The stock market has been like a weathervane in the past week, buffeted this way and that by global headwinds.
US equities were trending upwards, to everyone’s relief, before the latest episode of superpower rivalry hit the headlines and poured cold water on a recovery.
It’s clear that a lack of ‘safe haven’ investments in the present is pushing institutional investors into futures and options, some to hedge risk and some in search of handsome returns.
The crypto market epitomizes this moment of uncertainty, with much ink having been spilt over its crash earlier this year.
Yet, prophecies of an ever-bottoming market have been proven premature.
Instead, the crypto industry has been thinned out, with unserious, overleveraged firms and exchanges being picked off as liquidity dried up in an onrushing bear market.
For the crypto exchanges who have come out the other side, options trading seems to be the service best suited to the needs of the day. Recently, ahead of the ETH 2.0 news, ETH options open interest is, for the first time, higher than BTC.
The challenge in the past, however, has been how crypto investors fund their options trading.
In a game where speed is of the essence, institutions were having to convert fiat into cryptocurrencies like Bitcoin to then trade options in the same or other digital assets.
This was needlessly cumbersome and has thankfully been revolutionized, with exchanges like Bit.com now rolling out USD-margin trading, to the relief of their users.
What this means is that users can now buy and sell options in cryptocurrencies which are denominated and settled with US dollars, or USDC, rather than with the crypto itself.
In terms of efficiency, the improvement is obvious, but options trading, especially in USD, is also a win for both flexibility and risk management.
First and foremost, trading options is inherently flexible, as the trader has the choice, or ‘option’, to buy or sell an asset on a specific date. In current macroeconomic conditions, where markets can turn on a dime, this breathing space is priceless.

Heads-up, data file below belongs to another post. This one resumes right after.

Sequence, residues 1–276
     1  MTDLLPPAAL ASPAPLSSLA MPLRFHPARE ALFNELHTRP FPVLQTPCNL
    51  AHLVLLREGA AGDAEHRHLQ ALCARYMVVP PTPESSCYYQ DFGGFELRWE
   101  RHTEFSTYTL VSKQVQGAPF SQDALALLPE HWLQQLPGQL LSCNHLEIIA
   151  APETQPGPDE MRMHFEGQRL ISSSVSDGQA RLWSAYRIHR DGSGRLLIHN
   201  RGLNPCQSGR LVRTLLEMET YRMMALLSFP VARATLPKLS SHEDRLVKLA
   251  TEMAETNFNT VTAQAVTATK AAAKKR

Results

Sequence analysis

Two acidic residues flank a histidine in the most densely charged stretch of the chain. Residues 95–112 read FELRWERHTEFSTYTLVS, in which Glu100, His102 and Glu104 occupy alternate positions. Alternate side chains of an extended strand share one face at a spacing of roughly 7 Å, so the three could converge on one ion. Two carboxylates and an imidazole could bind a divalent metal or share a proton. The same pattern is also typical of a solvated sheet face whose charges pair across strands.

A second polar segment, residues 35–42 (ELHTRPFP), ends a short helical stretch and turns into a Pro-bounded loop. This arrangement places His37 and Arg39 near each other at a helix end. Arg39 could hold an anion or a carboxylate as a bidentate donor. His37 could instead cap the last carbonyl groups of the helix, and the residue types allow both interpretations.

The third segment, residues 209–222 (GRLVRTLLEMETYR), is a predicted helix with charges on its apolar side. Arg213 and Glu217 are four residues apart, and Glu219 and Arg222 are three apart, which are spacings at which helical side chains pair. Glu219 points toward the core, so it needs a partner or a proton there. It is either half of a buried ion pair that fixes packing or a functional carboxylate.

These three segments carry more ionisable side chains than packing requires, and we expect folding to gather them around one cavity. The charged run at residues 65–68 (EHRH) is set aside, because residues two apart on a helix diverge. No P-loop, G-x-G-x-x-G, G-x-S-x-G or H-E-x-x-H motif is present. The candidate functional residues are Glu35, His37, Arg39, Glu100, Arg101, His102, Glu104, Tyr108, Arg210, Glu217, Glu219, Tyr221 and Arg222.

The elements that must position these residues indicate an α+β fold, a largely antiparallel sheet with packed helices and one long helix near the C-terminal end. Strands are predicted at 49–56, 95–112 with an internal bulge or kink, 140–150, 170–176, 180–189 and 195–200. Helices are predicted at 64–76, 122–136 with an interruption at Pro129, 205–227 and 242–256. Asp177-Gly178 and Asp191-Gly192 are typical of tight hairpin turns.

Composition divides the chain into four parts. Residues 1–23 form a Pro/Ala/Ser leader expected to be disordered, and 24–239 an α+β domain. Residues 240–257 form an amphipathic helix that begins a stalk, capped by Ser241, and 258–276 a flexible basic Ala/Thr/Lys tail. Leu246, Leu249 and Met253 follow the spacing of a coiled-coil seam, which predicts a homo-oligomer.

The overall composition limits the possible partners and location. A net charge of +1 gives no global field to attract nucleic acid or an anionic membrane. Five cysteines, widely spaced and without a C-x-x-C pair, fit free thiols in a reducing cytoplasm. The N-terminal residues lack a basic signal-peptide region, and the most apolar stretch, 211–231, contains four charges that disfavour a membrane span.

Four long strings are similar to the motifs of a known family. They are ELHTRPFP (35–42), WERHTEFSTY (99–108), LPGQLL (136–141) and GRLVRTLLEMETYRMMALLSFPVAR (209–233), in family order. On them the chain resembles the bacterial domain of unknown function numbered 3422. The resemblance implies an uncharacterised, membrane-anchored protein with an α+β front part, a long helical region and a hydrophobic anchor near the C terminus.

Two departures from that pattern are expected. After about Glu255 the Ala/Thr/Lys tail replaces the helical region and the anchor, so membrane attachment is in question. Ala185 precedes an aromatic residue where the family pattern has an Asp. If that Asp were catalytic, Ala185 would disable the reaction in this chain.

Options likewise enable investors to fund multiple positions in a given market by letting them put up collateral to fund their trades, instead of surrendering hard cash.
An investor seeking to profit on a potential upswing in future stablecoin values, for example, may also want to gain exposure to the altcoin market. By trading options, they can do both.
Options are also noted to be an excellent tool for investors to hedge risk, a particularly useful feature in volatile crypto markets.
Take a scenario where an institution is holding a popular cryptocurrency like Bitcoin but is uncertain if the price will hold.
To hedge risk, they could ‘write’ (this means sell) options at a specified price on a specified date, providing them with an insurance policy against a downturn in prices.
On the subject of insurance, the risk management potential of USD-based options trading likewise relates to the level of collateral that is required to cover a trader’s position up to the agreed date.
Cryptocurrencies, like most other equities, are fluctuating as the market moves this way or that. This means that an asset like Bitcoin doesn’t make for ideal collateral, as falling prices will require more and more of it to be put up.
In contrast to skittish markets, the dollar is a place of respite for investors, especially with a now hawkish Fed committing itself to taming domestic inflation.
The ability to use dollars as collateral, therefore, allows investors to trade options on a solid footing – they can focus on the rationale of the trade, rather than having to look behind them as their collateral ebbs and flows.
In sum, while options trading on crypto exchanges isn’t new, it’s certainly an underappreciated service.
Why? Because options offer investors the flexibility both to chase higher returns and hedge against risk, a necessity in such an uncertain market.